The development of artificial intelligence in Europe should be as broadly inclusive as possible, the EESC says in its assessment of the European Commission's Coordinated Plan on Artificial Intelligence. Policy should ensure that civil society reaps the numerous benefits of AI while minimising risks such as the manipulation of democratic processes.

In its opinion on the European Commission's proposed Coordinated Plan on Artificial Intelligence, the EESC stresses that AI-related policies must engage all social players, including businesses, workers and consumers. This means ensuring the accessibility of data and infrastructure, the availability of user-friendly products and access to knowledge and skills.

Special measures should be taken to increase women's skills in AI and encourage them to take up AI jobs and tasks, she urges, in view of reports that women are lagging behind men in ICT professions in all EU countries (1.5 million women out of a total of 8.9 million in 2018, according to Eurostat figures).

Education systems in Member States must be overhauled to prepare Europe's young people for a world with pervasive AI. Curricula from primary schools to universities need to be reformed to guarantee a strong base in science, technology, engineering and mathematics, as well as in critical thinking. This will help cover the skills demand in Europe, where, according to the Commission, there were 600 000 unfilled vacancies for digital experts in 2018.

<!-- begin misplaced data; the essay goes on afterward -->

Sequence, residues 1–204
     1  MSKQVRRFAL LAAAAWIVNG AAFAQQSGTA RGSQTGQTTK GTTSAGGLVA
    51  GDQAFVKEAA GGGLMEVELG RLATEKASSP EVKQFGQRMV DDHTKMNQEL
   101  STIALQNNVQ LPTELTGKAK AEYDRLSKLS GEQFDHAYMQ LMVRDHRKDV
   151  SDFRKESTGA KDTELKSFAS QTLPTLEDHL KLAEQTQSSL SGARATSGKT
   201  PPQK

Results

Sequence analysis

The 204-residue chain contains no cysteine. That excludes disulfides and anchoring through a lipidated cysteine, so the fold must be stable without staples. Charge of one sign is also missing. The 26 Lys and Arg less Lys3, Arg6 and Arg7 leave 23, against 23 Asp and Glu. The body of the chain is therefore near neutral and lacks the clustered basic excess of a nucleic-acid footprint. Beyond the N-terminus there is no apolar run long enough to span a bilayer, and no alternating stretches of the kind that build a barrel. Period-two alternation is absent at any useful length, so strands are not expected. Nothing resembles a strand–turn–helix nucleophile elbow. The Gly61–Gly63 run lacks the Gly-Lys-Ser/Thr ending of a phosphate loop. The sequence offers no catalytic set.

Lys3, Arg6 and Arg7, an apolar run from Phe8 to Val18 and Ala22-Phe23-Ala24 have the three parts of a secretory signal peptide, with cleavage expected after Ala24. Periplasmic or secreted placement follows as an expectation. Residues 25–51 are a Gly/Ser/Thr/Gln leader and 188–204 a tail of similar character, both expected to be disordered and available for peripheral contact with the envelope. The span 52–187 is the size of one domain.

At the same time, present-day workers who risk losing their jobs will need lifelong and ongoing learning to upgrade their skills or retrain in new tasks, as AI will likely change the nature of jobs rather than killing them altogether.

The EESC believes that investment in education and training should be a central part of national AI strategies, and also calls for increased EU funds to support reforms.

To make sure society as a whole reaps the numerous benefits of AI, the EESC suggests that the EU adopt the three-pronged framework of sustainable development as a guiding approach: "If AI benefits society – in the spirit of sustainable development – by generating economic prosperity, social well-being and health, as well as environmental gains, it can be acknowledged as 'doing good'", thus overcoming widespread fears about it, says opinion rapporteur Kylä-Harakka-Ruonala. (dm)